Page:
Counseling Corner: Motivating your children to do more
6/9/2019, 12:21 a.m.
American Counseling Association
Children can be amazing. They develop new cell phone apps, set athletic records, volunteer with the elderly and perform lots of good deeds. Unfortunately, much of the time it seems these are someone else’s children.
For many parents, the reality is children sleeping until noon, buried in video games or so busy monitoring social media that they only surface for meals. This is even more obvious now with children on summer vacation and no longer disappearing to school where we at least assume they are accomplishing something positive.
So how can a parent get the child in their home to be more active, or at least to contribute more to the household?
A first step in that direction is simply to decide what your realistic expectations are for your child. If there are constant arguments and shouting about what isn’t being done, what actions by your child would limit those arguments and make you all feel better?
The answer lies in specific goals, not just broad generalizations. Your starting point should be to negotiate some activities with your children that will achieve something worthwhile and specific for your home and your child. You want to replace inactivity with positive accomplishment.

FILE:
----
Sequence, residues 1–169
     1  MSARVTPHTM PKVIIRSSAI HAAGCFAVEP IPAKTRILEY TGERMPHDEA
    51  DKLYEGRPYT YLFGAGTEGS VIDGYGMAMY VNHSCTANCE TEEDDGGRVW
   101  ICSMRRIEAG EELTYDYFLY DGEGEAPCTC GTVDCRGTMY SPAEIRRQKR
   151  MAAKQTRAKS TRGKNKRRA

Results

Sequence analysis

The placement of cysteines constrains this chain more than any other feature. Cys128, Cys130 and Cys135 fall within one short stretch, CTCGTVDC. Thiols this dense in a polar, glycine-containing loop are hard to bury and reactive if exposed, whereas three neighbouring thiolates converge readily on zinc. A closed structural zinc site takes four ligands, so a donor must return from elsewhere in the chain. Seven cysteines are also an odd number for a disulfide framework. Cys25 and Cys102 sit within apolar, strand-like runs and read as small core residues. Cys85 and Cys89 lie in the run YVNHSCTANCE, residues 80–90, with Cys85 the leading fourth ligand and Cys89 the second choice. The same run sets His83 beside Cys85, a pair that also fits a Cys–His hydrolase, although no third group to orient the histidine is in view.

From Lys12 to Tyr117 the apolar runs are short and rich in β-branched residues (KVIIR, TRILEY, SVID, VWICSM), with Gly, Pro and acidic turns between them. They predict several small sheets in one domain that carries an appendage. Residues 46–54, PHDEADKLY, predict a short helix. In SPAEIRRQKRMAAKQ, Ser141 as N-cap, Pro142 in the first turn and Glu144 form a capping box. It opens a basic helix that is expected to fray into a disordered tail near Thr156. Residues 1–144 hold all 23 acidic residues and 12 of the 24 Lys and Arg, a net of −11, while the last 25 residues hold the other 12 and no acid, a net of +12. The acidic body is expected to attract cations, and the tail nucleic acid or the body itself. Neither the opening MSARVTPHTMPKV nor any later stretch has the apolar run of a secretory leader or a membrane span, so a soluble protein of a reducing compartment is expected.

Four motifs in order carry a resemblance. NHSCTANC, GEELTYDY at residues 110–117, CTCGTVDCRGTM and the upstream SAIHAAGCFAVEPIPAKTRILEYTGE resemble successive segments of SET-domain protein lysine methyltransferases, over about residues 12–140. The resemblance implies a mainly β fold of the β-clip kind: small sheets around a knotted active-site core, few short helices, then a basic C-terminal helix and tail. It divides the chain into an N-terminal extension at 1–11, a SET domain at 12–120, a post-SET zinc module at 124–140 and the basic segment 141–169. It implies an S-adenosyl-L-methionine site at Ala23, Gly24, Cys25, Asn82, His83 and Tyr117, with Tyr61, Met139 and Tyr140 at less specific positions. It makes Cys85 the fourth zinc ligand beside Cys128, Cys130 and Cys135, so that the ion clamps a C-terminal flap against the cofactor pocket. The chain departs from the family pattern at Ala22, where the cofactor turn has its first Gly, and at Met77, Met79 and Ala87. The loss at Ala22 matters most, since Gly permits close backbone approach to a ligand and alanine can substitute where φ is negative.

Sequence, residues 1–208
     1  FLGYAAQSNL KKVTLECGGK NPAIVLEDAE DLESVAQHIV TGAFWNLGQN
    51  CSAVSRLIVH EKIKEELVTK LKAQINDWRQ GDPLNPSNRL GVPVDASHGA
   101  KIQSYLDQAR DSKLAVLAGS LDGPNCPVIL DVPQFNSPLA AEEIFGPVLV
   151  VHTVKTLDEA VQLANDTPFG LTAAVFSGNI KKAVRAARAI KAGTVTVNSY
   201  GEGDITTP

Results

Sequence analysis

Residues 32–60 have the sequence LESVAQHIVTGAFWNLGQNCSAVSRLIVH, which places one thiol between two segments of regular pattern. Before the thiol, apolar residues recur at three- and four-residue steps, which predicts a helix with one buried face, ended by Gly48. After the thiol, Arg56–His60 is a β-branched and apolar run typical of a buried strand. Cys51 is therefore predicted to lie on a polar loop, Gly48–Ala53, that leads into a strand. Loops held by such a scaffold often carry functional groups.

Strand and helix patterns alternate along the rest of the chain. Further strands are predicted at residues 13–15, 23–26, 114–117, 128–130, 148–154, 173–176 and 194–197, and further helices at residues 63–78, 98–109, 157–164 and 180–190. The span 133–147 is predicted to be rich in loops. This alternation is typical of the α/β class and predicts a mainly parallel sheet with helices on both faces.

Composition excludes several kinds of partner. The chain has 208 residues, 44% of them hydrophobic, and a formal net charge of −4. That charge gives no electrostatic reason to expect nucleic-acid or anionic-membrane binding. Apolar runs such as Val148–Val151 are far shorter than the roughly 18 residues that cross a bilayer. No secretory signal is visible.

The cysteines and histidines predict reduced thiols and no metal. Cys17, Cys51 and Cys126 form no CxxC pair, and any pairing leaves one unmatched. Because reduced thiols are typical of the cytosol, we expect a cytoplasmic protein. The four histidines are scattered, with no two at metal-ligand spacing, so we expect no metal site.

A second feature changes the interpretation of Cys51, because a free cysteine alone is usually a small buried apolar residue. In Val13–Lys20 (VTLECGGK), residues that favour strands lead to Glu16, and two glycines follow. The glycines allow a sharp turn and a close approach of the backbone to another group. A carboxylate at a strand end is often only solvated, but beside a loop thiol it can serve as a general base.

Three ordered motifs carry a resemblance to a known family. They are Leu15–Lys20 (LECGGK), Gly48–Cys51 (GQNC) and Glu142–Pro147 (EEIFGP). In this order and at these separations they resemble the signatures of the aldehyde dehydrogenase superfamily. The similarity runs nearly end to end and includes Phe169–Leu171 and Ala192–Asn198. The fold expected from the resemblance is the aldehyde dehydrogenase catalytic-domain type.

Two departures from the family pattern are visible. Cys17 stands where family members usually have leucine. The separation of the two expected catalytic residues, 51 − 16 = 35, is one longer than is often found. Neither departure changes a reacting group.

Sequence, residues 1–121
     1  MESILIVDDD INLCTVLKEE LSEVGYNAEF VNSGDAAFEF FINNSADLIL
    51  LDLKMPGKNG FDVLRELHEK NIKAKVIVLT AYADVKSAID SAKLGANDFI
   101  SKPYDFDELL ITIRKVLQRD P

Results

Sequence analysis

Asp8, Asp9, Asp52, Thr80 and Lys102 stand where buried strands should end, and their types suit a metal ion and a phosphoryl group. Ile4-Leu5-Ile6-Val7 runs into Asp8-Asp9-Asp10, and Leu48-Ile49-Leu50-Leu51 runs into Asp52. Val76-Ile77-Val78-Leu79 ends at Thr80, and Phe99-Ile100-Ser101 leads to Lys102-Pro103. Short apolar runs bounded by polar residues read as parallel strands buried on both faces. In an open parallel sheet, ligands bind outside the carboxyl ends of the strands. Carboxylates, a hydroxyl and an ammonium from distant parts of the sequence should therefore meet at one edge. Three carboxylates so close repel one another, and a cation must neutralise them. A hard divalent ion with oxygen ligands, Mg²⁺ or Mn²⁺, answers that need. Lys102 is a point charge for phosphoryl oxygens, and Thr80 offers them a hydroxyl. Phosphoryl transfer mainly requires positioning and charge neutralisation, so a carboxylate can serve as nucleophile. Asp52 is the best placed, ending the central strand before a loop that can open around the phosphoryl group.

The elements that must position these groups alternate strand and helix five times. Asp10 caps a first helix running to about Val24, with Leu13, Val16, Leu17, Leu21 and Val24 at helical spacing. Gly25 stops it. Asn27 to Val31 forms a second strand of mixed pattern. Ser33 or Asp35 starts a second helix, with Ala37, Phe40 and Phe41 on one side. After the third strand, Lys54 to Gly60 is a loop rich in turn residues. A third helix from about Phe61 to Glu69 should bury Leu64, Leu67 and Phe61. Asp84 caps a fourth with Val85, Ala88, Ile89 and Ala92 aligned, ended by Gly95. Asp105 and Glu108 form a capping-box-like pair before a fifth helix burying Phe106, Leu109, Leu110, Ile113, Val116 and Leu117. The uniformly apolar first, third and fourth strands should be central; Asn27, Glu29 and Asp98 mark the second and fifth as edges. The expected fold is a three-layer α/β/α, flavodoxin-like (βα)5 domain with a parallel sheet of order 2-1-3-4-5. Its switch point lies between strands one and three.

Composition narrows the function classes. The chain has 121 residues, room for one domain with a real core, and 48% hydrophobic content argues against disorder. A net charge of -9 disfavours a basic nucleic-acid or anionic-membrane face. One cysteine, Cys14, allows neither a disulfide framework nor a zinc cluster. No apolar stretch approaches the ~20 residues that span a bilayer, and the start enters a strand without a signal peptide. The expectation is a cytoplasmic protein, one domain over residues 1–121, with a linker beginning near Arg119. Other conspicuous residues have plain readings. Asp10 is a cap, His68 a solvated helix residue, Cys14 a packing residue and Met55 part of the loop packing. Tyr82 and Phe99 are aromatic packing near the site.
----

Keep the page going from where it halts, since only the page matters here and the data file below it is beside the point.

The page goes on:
One simple goal might be to have your child take on one or more household chores – maybe unloading the dishwasher, walking the dog each evening or doing 30 minutes of yard work each day. Or it might be a positive growth activity, like reading books or getting a certain amount of daily exercise.
It helps to have a structure for these activities. Set specific times or deadlines for when required activities are to be accomplished.
Step two is to provide motivation to help them want to complete the assigned chores. A negative motivation might be to cut off electronic gadget access until the assigned activity is completed.
Or a positive reward motivation could be getting an allowance, or an increase in a current allowance.If a desired reward is a major purchase, you can keep a running record of successful accomplishments with a clear goal of what’s needed to earn that purchase.
The key is to develop specific activities that move your children in desired directions and that make them feel good about doing required activities, even the most boring ones. Chores shouldn’t be punishments, but rather activities that contribute positively to the family, household and child him or herself.
Counseling Corner is provided by the American Counseling Association. Comments and questions can be sent to email@example.com or visit http://www.counseling.org.